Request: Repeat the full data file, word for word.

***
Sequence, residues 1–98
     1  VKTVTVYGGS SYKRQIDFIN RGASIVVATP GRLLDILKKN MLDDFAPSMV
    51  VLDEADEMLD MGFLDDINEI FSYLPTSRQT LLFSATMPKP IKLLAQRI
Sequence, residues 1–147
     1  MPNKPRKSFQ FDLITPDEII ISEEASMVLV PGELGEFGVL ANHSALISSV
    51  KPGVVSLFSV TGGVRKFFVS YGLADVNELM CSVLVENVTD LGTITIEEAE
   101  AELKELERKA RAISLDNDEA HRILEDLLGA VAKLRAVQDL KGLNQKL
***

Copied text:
Sequence, residues 1–98
     1  VKTVTVYGGS SYKRQIDFIN RGASIVVATP GRLLDILKKN MLDDFAPSMV
    51  VLDEADEMLD MGFLDDINEI FSYLPTSRQT LLFSATMPKP IKLLAQRI
Sequence, residues 1–147
     1  MPNKPRKSFQ FDLITPDEII ISEEASMVLV PGELGEFGVL ANHSALISSV
    51  KPGVVSLFSV TGGVRKFFVS YGLADVNELM CSVLVENVTD LGTITIEEAE
   101  AELKELERKA RAISLDNDEA HRILEDLLGA VAKLRAVQDL KGLNQKL